Regards Mark K
    Always on the look out for WW II Canadian Helmets and Cam nets to add to my collection.

    Found a Canadian Mk II Medics Helmet and yes I know they are about as rare as hens teeth !!!!!

  5. #4

    Default Re: variations of the Bundeswehr camo

    Quote by kozowy1967 View Post
    Good post Tom I missed it the first time around the amoben camouflage is very intriguing First time I have ever heard of it or seen a photo would love to add some to my camo collection.

    Regards Mark K
    same here ive only ever seen the zeltbahn cover and the m43 in amoben and im glad you liked the thread

  6. #5
    ?

    Default Re: variations of the Bundeswehr camo

    I will plug away at the keys and see if I can find a bit more about it you should repost the image of the M43 style cap to the modern camo possibly Dave or Rene may have some details It would not surprise me if Rene pulled a complete set from his HOARD of equipment I think that man lives in a surplus store

    Regards Mark K
    Always on the look out for WW II Canadian Helmets and Cam nets to add to my collection.

    Found a Canadian Mk II Medics Helmet and yes I know they are about as rare as hens teeth !!!!!

  7. #6

    Default Re: variations of the Bundeswehr camo

    Quote by kozowy1967 View Post
    I will plug away at the keys and see if I can find a bit more about it you should repost the image of the M43 style cap to the modern camo possibly Dave or Rene may have some details It would not surprise me if Rene pulled a complete set from his HOARD of equipment I think that man lives in a surplus store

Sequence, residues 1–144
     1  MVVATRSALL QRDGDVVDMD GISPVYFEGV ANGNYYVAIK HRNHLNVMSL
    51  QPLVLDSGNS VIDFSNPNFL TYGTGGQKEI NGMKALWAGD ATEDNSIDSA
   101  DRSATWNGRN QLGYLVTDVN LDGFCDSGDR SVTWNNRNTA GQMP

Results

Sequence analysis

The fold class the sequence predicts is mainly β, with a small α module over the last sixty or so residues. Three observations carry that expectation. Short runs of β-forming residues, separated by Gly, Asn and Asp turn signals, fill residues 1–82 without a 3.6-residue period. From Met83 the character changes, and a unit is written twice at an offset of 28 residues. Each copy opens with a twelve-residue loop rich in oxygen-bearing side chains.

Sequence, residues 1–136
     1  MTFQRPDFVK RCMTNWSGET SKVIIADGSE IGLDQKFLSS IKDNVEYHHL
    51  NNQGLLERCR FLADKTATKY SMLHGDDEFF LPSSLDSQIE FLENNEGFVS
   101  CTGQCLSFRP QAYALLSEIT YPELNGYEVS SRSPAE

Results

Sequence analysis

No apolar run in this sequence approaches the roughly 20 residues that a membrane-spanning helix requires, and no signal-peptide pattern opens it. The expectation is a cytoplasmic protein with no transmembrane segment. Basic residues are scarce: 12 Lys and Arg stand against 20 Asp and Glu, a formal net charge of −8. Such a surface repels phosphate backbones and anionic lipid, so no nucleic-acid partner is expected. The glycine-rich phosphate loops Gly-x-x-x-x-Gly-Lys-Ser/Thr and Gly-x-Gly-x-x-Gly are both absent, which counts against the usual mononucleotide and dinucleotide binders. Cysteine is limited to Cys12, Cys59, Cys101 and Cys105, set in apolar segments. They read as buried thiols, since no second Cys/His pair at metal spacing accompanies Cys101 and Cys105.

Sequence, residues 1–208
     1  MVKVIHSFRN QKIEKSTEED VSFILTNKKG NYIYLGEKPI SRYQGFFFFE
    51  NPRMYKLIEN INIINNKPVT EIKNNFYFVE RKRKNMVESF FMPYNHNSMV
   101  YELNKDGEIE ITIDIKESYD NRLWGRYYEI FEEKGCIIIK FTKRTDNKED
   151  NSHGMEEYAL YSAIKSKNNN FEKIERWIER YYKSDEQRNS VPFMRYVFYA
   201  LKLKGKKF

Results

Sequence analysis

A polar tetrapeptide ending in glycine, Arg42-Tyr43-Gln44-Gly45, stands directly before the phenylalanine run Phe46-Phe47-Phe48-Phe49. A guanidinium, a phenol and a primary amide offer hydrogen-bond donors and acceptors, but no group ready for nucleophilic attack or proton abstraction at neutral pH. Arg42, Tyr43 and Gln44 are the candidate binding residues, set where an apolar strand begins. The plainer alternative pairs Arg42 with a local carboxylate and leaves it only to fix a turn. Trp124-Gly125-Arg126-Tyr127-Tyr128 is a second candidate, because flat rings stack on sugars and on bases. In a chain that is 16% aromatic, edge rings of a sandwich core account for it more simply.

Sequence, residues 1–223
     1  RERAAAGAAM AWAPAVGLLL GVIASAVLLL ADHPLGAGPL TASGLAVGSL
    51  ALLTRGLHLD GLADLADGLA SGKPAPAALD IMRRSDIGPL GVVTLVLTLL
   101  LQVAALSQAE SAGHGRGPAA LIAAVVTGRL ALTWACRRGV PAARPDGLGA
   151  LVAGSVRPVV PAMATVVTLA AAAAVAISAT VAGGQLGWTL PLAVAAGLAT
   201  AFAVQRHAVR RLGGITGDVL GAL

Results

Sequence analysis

Regards Mark K
    lol yeah i shall do that in a bit

  8. #7
    ?

    Default Re: variations of the Bundeswehr camo

    Hey Tom a little more info on the amoeba camo pattern : The BW Zelt-tarnmuster is a unique design one one side is (Sommer/summer) it consists of black,dark olive and tan amoebic shapes over a splintered background pattern of light and medium olive green while the other side (Herbst/autumn) features black,russet and tan amoebic shapes over olive green and beige splintered pattern background .Although custom made helmet covers were made the only offIcal-produced item of either pattern was a post war zelt bahn which sported a detachable hood that could be used as a carrying pouch.

    Regards Mark K

    PS. I wonder if the M43 shown was custom made for a BW soldat
    Last edited by Mark K; 01-13-2012 at 04:32 PM. Reason: Add information
    Always on the look out for WW II Canadian Helmets and Cam nets to add to my collection.

    Found a Canadian Mk II Medics Helmet and yes I know they are about as rare as hens teeth !!!!!

  9. #8

    Default Re: variations of the Bundeswehr camo

    brilliant info mark i think you may be right ill have to go get one now so we can find out

  10. #9

    Default Re: variations of the Bundeswehr camo

    Good thread, Tom!

    Regards

  11. #10

    Default Re: variations of the Bundeswehr camo

    Very interesting thread Tom! I never realised you had such knowledge of Bundeswehr field clothing, and finely written too, well done!!

    Regards, Ned.
    'I do not think we can hope for any better thing now.
    We shall stick it out to the end, but we are getting weaker of course, and the end cannot be far.
    It seems a pity, but I do not think I can write more. R. SCOTT.
    Last Entry - For God's sake look after our people.'

    In memory of Capt. Robert Falcon Scott, Edward Wilson, Henry Bowers, Lawrence Oates and Edgar Evans. South Pole Expedition, 30th March 1912.